Data from: Onset of autumn shapes the timing of birth in Pyrenean chamois more than onset of spring
Kourkgy, Charlotte et al. (2016), Data from: Onset of autumn shapes the timing of birth in Pyrenean chamois more than onset of spring, Dryad, Dataset, https://doi.org/10.5061/dryad.pf420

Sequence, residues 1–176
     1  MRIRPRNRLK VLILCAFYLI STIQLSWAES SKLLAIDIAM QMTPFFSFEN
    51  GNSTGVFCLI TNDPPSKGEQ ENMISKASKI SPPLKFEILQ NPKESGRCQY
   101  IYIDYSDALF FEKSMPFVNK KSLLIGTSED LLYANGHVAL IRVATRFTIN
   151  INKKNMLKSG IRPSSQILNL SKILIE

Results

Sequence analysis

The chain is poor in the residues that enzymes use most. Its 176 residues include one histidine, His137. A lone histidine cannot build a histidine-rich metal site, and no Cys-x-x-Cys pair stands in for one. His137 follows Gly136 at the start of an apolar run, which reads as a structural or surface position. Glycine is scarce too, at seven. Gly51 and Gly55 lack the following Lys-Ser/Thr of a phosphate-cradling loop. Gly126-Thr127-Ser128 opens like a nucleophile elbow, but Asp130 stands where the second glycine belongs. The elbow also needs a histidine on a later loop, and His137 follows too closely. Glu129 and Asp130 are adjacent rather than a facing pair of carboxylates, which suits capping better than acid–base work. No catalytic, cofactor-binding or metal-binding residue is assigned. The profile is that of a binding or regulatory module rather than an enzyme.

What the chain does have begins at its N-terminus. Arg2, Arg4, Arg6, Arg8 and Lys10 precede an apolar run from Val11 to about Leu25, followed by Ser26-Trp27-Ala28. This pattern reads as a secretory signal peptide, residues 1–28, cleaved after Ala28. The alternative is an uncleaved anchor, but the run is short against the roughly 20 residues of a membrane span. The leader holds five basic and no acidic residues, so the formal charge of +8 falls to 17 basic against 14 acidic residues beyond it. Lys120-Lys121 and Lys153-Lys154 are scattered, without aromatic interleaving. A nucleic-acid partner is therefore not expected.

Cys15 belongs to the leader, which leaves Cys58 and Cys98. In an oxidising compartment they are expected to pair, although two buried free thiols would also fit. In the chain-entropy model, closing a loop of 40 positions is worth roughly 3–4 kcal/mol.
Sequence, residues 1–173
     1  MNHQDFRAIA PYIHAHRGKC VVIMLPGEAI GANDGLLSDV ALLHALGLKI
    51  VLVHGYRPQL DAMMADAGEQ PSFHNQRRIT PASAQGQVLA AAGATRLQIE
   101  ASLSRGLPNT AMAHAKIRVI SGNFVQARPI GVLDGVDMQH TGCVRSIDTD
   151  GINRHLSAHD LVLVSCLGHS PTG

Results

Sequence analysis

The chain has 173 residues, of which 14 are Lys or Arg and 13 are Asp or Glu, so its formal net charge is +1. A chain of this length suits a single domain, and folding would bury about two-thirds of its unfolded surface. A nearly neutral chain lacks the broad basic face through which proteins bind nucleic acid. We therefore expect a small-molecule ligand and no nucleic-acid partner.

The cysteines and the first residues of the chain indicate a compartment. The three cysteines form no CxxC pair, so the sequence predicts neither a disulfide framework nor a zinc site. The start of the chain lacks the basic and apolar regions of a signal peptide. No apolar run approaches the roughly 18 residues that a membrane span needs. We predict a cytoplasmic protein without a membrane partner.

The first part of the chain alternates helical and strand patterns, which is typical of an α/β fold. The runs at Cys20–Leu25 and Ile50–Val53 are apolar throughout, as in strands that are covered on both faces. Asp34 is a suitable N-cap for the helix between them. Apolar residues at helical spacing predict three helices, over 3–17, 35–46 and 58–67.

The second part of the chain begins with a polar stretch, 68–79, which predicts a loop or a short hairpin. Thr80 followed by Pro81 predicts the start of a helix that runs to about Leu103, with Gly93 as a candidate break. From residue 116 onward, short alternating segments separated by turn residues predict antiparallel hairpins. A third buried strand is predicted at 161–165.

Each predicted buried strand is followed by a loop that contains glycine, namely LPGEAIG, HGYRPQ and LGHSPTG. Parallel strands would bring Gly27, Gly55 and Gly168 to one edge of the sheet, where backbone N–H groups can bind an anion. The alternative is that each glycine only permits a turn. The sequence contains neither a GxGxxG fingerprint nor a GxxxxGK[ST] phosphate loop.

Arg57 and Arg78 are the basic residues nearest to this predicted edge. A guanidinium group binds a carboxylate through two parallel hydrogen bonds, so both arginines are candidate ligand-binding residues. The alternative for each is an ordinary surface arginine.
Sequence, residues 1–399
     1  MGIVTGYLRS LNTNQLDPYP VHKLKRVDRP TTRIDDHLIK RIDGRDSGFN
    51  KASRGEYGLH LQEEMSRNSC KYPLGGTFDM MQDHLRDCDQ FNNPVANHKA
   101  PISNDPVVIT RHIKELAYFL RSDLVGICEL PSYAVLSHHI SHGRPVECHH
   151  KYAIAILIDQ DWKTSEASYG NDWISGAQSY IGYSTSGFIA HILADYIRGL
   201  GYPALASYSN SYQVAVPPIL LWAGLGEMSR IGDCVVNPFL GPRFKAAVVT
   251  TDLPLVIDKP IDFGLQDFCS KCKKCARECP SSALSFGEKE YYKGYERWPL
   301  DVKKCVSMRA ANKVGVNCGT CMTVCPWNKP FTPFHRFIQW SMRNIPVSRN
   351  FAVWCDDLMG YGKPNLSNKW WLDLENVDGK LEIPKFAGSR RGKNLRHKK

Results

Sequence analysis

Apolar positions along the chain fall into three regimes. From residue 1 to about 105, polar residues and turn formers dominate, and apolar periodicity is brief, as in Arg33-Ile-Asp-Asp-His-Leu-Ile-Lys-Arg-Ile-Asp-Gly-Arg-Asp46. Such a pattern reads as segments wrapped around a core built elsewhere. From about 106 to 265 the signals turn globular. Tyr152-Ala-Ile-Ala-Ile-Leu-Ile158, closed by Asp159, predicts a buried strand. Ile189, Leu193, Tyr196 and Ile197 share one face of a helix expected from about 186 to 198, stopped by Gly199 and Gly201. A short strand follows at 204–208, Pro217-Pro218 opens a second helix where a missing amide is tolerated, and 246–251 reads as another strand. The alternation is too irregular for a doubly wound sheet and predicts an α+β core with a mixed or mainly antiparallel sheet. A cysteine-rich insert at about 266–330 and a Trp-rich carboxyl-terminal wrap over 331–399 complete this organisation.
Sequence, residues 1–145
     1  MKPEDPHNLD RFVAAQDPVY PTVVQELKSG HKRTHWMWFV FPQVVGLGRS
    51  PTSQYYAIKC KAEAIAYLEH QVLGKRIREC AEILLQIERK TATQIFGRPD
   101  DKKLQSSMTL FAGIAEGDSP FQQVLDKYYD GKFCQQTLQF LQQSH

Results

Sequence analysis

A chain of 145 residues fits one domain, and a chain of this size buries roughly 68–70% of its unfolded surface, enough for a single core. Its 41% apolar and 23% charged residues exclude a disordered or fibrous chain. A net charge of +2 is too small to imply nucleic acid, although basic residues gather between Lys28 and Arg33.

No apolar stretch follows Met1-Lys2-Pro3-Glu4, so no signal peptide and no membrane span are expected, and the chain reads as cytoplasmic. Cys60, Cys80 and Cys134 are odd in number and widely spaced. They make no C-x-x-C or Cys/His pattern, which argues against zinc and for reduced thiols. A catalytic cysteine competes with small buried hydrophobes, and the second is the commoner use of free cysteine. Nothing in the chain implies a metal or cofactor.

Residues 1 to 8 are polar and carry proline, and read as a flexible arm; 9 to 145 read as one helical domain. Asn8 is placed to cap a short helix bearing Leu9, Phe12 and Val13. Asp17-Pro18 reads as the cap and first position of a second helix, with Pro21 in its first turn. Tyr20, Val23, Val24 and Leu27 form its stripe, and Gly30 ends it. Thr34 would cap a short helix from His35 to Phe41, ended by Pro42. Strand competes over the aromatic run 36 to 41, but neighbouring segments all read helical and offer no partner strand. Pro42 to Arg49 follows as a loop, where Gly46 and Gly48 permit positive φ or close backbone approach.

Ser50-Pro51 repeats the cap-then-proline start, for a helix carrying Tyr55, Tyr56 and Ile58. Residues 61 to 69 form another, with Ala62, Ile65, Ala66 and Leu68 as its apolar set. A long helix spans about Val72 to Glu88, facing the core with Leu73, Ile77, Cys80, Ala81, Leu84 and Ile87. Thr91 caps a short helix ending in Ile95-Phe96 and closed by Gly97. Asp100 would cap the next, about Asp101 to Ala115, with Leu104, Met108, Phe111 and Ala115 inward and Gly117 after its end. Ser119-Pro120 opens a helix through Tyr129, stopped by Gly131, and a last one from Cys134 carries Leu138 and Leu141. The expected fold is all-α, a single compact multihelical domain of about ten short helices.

1. In seasonal environments, birth dates are a central component for a species’ life history, with potential long-term fitness consequences. Yet our understanding of selective pressures of environmental changes on birth dates is limited in wild mammals due to the difficulty of data collection. In a context of rapid climate change, the question of a possible mismatch between plant phenology and birth phenology also remains unanswered for most species. 2. We assessed whether and how the timing of birth in a mountain mammal (isard, Rupicapra pyrenaica) tracked changes in plant growing season, accounting for maternal traits, individual heterogeneity, and population density. We not only focused on spring conditions but also assessed to what extent onset of autumn can be a driver of phenological biological events and compared the magnitude of the response to the magnitude of the environmental changes. We relied on a 22-year study based on intensively monitored marked individuals of known age. 3. Births were highly synchronized (80% of kids born within 25 days) and highly repeatable (84%; among-females variation of 9.6 days, withinfemale variation of 4.2 days). Individual phenotypic plasticity allows females to respond rapidly to inter-annual changes in plant phenology but did not prevent the existence of a mismatch: a 10-day advance in the autumn or spring plant phenology led to 3.9 and 1.3 days advance in birth dates, respectively. 4. Our findings suggest that plant phenology may act as a cue to induce important stages of the reproductive cycle (e.g., conception and gestation length), subsequently affecting parturition dates, and stressed the importance of focusing on long-term changes during spring for which females may show much lower adaptive potential than during autumn. These results also question the extent to which individual plasticity along with high heterogeneity among individuals will allow species to cope with demographic consequences of climate changes.